Advice from Guildea:
“There’s a lot of Facebook groups which can be a really great influence for first timers – Aussie Con Artists is probably my favourite. However, the best way I’ve found to find the community is by networking at the conventions that you attend! Talk to your neighbours! Talk to that person who has the art style that you’ve totally fallen in love with!
Tough it out, keep it up and find what inspires you. Your first con might not be phenomenal, but if you’re passionate about vending, please keep it up!
Our first convention involved less than two weeks’ worth of prep, had 15 items in total, and featured the previously mentioned corkboard-ruler-blu-tack scenario. We now prep for significantly more than 2 weeks, stock over 125 different items, and have a nice easel to put our display board on so it doesn’t come crashing down every 20 minutes.
You’ll constantly grow and learn from your mistakes, and a lot of reflection as to how you can improve. You’re not going to become some sort of professional by the time of your first convention. Just throw yourself into it and learn!”
To contact Ella Guildea and The Bees Knees about commission work, see where they’re headed next, and keep updated about upcoming item releases, check out their Facebook page: https://www.facebook.com/thekneesofthebees
Some smaller pop culture conventions have been popping up around Adelaide recently and Pop Con is one of them. Hosted by the Pop Club and held at the Thebarton Community Centre on May 12th, Pop Con is in its second year, hence its name Pop Con 2.0. Being a fan of pop culture conventions, I decided to check it out. I left excited and wanting more.
Entry was $20 at the door ($15 online), a reasonable price for its overall size. It took up two halls in the Thebarton Community Centre: one for tabletop and video games, another for Comet Market (an artist alley) and a stage. Video game consoles like the Nintendo Switch and Wii U were free for use for attendees, with tournaments like Splatoon 2 and Super Smash Bros (on Wii U) playing through the day. Attendees too were free to join in on tabletop games like Dragon Reign and Dungeons and Dragons.
Despite being only four rows long, Comet Market was filled with local arts and craft. I found a wide variety of things, from anime-inspired artwork of Bilbo Baggins to steampunk mysteries books by indie author Karen J. Carlisle. Some products on sale that caught my eye were customised figurines. Priced at $100, these figurines were originally dolls that had been turned into pop culture icons like Ash Williams (The Evil Dead) and Link (The Legend of Zelda). What really made Comet Market fantastic was how affordable everything was. I paid $8 for Final Fantasy stickers made by LapiaRieDraws, a local artist.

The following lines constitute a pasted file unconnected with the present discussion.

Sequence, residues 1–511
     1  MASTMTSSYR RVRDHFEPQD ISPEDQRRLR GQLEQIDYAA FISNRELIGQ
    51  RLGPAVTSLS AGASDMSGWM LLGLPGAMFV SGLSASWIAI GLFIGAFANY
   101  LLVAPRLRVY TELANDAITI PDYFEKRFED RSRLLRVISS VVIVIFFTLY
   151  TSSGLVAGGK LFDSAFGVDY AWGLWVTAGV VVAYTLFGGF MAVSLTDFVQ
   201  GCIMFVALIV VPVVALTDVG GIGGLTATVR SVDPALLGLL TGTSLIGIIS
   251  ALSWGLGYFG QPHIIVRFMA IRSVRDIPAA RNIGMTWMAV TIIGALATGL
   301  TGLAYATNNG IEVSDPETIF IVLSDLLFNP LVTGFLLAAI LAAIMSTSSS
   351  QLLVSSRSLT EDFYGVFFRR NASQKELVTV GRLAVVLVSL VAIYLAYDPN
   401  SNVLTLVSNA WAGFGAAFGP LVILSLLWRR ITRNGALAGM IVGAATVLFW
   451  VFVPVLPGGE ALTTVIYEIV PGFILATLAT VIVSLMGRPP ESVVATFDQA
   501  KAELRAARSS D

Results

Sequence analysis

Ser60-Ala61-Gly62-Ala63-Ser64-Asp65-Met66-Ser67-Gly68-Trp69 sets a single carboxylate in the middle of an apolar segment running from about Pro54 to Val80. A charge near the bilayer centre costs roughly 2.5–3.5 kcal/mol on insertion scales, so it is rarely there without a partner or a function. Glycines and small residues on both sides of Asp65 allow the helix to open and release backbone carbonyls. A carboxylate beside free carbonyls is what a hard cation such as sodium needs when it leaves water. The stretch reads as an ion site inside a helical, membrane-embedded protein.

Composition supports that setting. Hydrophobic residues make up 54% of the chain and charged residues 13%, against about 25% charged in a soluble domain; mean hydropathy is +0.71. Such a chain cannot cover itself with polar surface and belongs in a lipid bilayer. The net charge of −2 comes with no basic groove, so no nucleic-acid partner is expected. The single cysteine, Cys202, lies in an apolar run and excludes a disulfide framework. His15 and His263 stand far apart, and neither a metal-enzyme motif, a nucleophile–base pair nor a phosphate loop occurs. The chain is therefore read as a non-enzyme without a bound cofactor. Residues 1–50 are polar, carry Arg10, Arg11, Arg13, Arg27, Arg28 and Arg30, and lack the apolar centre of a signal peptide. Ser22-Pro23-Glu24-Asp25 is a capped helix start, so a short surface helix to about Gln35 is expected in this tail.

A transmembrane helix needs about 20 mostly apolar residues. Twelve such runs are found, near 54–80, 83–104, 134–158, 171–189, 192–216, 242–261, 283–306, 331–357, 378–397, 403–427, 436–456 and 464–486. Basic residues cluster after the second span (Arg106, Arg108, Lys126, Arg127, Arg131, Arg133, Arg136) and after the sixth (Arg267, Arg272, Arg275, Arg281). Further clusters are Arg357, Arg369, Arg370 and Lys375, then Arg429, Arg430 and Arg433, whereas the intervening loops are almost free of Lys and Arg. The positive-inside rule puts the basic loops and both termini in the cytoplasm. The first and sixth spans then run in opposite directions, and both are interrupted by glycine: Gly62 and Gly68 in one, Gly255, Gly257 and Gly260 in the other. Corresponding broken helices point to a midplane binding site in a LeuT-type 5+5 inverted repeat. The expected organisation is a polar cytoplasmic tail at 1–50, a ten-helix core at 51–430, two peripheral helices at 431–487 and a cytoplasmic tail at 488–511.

Before leaving for Pop Con 2.0, I was unsure on whether to cosplay, but after seeing the number of people cosplaying, I regret deciding not to. There were many fantastic cosplays, from Steampunk to D.va from Overwatch. Cosplayers could also get their photo taken by official photographers and participate in a parade.
Like any good event, there was a place to purchase food and drinks. The food available was mainly Japanese snacks like Pocky and onigiri. These were served by Yummi Maid Café, a maid café on Gouger Street (part of the Pop Club on 117a Gouger Street). Onigiri were $2 each, with both meat and vegetarian options available. A beef burger was available for $7 for those who didn’t want Japanese food.
Perhaps the most stand out part of Pop Con 2.0 was its friendly atmosphere. People hosting the tabletop games were more than happy to allow new players to join in. One stall owner made it clear we could open something (e.g. a DVD) to inspect it if we wished to. Due to the smaller crowd, I could have decent conversations with the artists and ask about their artwork. Even one of the people from the maid café came up to me while exploring to deliver my onigiri. The overall atmosphere is what I imagined it would have been for AVCon in its early days.
Pop Con 2.0 may have been a small event, but its friendly atmosphere, focus on local art, and smaller crowds made it feel more personalised than much bigger conventions. Pop Con 2.0 filled me with a lot of hope; I would love to see conventions like this appear more. I look forward to the next Pop Con and where it could go in future.